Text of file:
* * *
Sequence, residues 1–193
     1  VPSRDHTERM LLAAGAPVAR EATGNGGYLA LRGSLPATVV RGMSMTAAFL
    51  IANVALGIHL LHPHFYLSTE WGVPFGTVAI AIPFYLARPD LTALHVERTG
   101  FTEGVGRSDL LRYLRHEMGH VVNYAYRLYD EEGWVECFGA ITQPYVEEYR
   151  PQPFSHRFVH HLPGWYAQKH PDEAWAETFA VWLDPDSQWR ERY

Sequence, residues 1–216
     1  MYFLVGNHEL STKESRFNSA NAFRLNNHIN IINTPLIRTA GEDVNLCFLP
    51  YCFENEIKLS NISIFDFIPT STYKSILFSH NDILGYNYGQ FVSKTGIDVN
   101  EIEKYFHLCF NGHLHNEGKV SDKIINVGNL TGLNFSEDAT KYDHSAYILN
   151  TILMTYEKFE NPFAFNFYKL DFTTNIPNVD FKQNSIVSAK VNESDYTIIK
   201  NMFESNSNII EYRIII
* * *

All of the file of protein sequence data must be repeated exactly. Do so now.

Sequence, residues 1–193
     1  VPSRDHTERM LLAAGAPVAR EATGNGGYLA LRGSLPATVV RGMSMTAAFL
    51  IANVALGIHL LHPHFYLSTE WGVPFGTVAI AIPFYLARPD LTALHVERTG
   101  FTEGVGRSDL LRYLRHEMGH VVNYAYRLYD EEGWVECFGA ITQPYVEEYR
   151  PQPFSHRFVH HLPGWYAQKH PDEAWAETFA VWLDPDSQWR ERY

Sequence, residues 1–216
     1  MYFLVGNHEL STKESRFNSA NAFRLNNHIN IINTPLIRTA GEDVNLCFLP
    51  YCFENEIKLS NISIFDFIPT STYKSILFSH NDILGYNYGQ FVSKTGIDVN
   101  EIEKYFHLCF NGHLHNEGKV SDKIINVGNL TGLNFSEDAT KYDHSAYILN
   151  TILMTYEKFE NPFAFNFYKL DFTTNIPNVD FKQNSIVSAK VNESDYTIIK
   201  NMFESNSNII EYRIII